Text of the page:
This course is an Algebra readiness class which increases students’ foundational algebraic and computational skills and does not count as a high school graduation credit. Topics include ratio, proportion, rational number concepts and operations, estimation, exponents, the rectangular coordinate system, formulas and using equivalence and algebraic properties to solve for x. An emphasis is placed on analyzing situations verbally, numerically, graphically, and symbolically and application of mathematical skills to make meaningful connections to life’s experiences. Instruction is designed to fill gaps in previous concepts so that upon completion of this course students will be prepared to take algebra.

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# HS Math Courses

The Southwest Colorado eSchool offers courses in English, math, science, social studies, world language, physical and health education, fine arts, computer science, and more. All courses are taught by highly qualified Colorado teachers, and the courses meet the Colorado Academic Standards, which include the Common Core Standards.

This course meets 9th grade Colorado standards by following district approved Algebra curriculum and counts as first year of graduation requirements. Algebra I includes the study of properties and operations of the real number system including irrational numbers, applications of proportional reasoning, and solving and graphing first degree equations, inequalities and systems of linear equations. Students generate equivalent expressions, use formulas to solve problems, simplify and factor polynomials and solve simple quadratic equations. An emphasis is placed on analyzing situations verbally, numerically, graphically, and symbolically. To meet 21st century learning, students use technology and models to investigate and explore mathematical ideas and relationships and develop multiple strategies for analyzing complex situations. more »

Geometry courses, emphasizing an abstract, formal approach to the study of geometry, typically include topics such as properties of plane and solid figures; deductive methods of reasoning and use of logic; geometry as an axiomatic system including the study of postulates, theorems, and formal proofs; concepts of congruence, similarity, parallelism, perpendicularity, and proportion; and rules of angle measurement in triangles. more »

This course follows the Algebra 2 district approved curriculum and counts as a third year of graduation requirements. Algebra 2 topics include operations with rational and irrational expressions, in-depth study of linear equations and inequalities, analyzing and solving quadratic functions including complex numbers, solving systems of linear and quadratic equations, properties of higher degree equations, and operations with rational and irrational exponents. Students investigate and solve linear piece wise, absolute value, cubic, radical, exponential, logarithmic, and rational functions algebraically, numerically, and graphically, with and without a graphing calculator. Students analyze data and develop mathematical models to address real world problem situations. more »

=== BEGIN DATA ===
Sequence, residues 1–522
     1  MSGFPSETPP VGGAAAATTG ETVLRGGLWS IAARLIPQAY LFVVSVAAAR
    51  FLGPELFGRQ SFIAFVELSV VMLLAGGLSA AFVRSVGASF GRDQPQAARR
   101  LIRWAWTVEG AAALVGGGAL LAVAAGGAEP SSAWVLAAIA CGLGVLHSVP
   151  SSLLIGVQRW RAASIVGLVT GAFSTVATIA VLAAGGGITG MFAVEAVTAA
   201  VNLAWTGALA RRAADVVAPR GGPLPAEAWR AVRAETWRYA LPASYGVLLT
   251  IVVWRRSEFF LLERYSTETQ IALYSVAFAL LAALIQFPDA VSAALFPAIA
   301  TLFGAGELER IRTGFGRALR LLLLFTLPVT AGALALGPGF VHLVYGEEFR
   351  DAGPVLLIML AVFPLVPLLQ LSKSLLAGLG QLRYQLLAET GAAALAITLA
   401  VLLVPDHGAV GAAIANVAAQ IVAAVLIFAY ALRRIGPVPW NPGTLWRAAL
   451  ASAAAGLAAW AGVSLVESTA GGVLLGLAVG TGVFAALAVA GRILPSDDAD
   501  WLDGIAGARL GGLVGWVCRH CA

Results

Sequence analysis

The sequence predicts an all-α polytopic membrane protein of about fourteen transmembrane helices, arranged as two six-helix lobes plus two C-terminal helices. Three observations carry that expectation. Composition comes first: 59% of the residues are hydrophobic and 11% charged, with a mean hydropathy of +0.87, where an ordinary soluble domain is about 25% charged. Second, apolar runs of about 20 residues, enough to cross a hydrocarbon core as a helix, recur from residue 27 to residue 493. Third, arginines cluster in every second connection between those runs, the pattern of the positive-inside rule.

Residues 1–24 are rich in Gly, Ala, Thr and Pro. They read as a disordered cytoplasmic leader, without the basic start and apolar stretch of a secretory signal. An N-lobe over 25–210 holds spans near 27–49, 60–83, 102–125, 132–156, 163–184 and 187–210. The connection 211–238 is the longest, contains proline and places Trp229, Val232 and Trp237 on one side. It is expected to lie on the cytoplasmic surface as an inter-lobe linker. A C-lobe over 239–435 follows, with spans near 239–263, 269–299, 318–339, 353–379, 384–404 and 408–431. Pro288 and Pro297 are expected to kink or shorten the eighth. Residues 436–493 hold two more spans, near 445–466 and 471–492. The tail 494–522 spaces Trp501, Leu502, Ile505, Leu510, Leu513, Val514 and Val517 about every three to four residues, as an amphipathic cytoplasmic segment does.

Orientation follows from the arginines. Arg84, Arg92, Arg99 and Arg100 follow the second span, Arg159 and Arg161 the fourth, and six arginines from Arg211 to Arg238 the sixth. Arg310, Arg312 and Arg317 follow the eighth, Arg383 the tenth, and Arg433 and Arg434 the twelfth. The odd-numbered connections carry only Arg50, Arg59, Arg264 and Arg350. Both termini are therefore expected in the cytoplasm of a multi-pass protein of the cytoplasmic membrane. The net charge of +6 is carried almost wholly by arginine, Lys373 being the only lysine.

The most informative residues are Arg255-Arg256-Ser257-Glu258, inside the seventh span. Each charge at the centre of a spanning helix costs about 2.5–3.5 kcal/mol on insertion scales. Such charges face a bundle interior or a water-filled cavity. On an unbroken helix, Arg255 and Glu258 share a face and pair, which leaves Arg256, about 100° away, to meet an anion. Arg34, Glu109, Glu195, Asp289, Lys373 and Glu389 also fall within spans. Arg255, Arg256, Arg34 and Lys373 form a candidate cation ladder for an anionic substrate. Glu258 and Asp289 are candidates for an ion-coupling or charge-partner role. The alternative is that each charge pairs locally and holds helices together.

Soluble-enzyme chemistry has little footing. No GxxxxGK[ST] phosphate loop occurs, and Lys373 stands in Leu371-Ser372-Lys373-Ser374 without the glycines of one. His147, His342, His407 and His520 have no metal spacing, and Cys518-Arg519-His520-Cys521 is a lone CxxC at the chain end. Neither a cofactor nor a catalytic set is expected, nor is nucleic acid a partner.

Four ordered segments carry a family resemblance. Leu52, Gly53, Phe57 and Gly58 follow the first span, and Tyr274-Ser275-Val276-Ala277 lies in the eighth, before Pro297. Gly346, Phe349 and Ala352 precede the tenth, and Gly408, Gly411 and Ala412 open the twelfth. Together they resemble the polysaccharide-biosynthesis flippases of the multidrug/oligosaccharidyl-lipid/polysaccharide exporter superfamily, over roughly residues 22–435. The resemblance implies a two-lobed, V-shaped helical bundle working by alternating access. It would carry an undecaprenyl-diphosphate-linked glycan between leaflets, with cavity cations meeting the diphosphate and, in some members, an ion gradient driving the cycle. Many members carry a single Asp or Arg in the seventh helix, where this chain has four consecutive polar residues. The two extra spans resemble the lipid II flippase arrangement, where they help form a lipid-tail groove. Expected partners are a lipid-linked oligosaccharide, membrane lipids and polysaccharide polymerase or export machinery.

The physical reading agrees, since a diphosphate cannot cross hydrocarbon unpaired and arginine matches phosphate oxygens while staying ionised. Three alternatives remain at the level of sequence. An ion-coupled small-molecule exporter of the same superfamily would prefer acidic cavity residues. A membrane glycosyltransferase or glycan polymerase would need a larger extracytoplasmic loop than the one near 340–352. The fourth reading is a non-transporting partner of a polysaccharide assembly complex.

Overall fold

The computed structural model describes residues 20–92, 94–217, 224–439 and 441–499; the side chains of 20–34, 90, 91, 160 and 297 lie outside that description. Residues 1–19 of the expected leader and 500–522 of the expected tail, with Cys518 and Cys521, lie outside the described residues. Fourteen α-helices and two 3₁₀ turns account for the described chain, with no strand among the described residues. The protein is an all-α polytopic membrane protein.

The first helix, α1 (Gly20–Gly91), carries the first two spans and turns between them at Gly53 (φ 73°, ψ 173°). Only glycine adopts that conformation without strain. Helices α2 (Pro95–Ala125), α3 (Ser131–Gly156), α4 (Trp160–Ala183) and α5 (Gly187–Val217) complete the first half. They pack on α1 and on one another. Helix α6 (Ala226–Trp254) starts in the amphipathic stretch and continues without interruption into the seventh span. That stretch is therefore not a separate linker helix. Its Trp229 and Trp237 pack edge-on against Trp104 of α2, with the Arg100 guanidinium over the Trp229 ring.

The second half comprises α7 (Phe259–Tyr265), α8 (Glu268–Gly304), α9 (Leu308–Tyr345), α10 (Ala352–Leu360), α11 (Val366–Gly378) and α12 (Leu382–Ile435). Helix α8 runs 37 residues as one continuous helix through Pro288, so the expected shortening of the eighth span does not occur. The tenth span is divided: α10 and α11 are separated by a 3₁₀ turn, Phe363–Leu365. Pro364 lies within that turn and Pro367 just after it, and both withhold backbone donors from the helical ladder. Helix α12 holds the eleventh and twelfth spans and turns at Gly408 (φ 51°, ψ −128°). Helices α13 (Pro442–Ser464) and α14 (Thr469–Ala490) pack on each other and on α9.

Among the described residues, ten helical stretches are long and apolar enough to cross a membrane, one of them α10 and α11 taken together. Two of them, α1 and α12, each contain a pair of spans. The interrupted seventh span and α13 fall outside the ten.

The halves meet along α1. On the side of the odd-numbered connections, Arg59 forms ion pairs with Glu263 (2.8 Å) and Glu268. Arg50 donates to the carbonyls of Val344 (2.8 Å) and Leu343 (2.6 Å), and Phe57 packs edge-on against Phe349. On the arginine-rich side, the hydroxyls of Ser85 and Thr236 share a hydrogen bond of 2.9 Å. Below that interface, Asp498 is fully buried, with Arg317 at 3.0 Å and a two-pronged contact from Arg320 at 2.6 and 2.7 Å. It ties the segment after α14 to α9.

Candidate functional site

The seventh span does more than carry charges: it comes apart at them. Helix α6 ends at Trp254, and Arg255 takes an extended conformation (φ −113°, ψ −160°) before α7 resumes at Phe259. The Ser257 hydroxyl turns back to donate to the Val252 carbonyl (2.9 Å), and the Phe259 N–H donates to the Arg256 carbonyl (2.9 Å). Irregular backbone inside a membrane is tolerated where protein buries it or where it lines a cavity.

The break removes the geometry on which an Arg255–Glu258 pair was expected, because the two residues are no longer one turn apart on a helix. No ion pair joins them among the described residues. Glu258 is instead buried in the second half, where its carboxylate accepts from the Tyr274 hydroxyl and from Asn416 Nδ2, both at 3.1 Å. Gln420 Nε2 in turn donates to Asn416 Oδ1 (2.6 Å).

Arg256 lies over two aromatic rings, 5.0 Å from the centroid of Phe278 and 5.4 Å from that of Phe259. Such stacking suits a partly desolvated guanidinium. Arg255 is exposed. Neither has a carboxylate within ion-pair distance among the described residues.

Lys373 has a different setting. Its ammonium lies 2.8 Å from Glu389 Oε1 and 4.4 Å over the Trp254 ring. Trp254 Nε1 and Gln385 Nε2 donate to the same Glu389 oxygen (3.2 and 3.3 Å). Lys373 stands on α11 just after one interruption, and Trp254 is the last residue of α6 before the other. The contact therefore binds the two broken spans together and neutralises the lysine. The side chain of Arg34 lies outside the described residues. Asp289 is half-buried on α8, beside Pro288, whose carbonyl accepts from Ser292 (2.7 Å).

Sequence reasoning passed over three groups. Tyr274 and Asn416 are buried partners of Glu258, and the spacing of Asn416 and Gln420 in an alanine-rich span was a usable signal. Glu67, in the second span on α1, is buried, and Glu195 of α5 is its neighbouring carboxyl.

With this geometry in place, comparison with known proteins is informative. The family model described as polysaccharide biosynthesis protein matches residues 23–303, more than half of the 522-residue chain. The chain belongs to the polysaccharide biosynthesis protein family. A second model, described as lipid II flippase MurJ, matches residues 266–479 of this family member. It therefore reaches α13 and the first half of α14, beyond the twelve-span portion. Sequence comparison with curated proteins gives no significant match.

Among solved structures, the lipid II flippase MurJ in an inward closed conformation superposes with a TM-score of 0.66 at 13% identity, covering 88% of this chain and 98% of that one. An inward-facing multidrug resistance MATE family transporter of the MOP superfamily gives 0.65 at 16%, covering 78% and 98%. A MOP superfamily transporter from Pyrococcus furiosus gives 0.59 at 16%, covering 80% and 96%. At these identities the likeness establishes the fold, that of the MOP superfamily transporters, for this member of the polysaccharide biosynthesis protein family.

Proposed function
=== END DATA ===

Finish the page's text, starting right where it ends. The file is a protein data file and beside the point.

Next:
This course follows the Algebra 2 district approved curriculum and counts as a third year of graduation requirements. Algebra 2 topics include operations with rational and irrational expressions, in-depth study of linear equations and inequalities, analyzing and solving quadratic functions including complex numbers, solving systems of linear and quadratic equations, properties of higher degree equations, and operations with rational and irrational exponents. Students investigate and solve linear piece wise, absolute value, cubic, radical, exponential, logarithmic, and rational functions algebraically, numerically, and graphically, with and without a graphing calculator. Students analyze data and develop mathematical models to address real world problem situations. The honors course prepares students for advanced course work and engages students in enrichment opportunities. Rigor is demonstrated through sophistication and acceleration in terms of thought-provoking learning activities, challenging assessments, and more complex text/materials. Diverse interests, cultures, perspectives, learning styles, and intelligences are cultivated and higher level critical and creative thinking skills such as interpretation, problem-solving, investigation, and logic are emphasized throughout the honors course. more »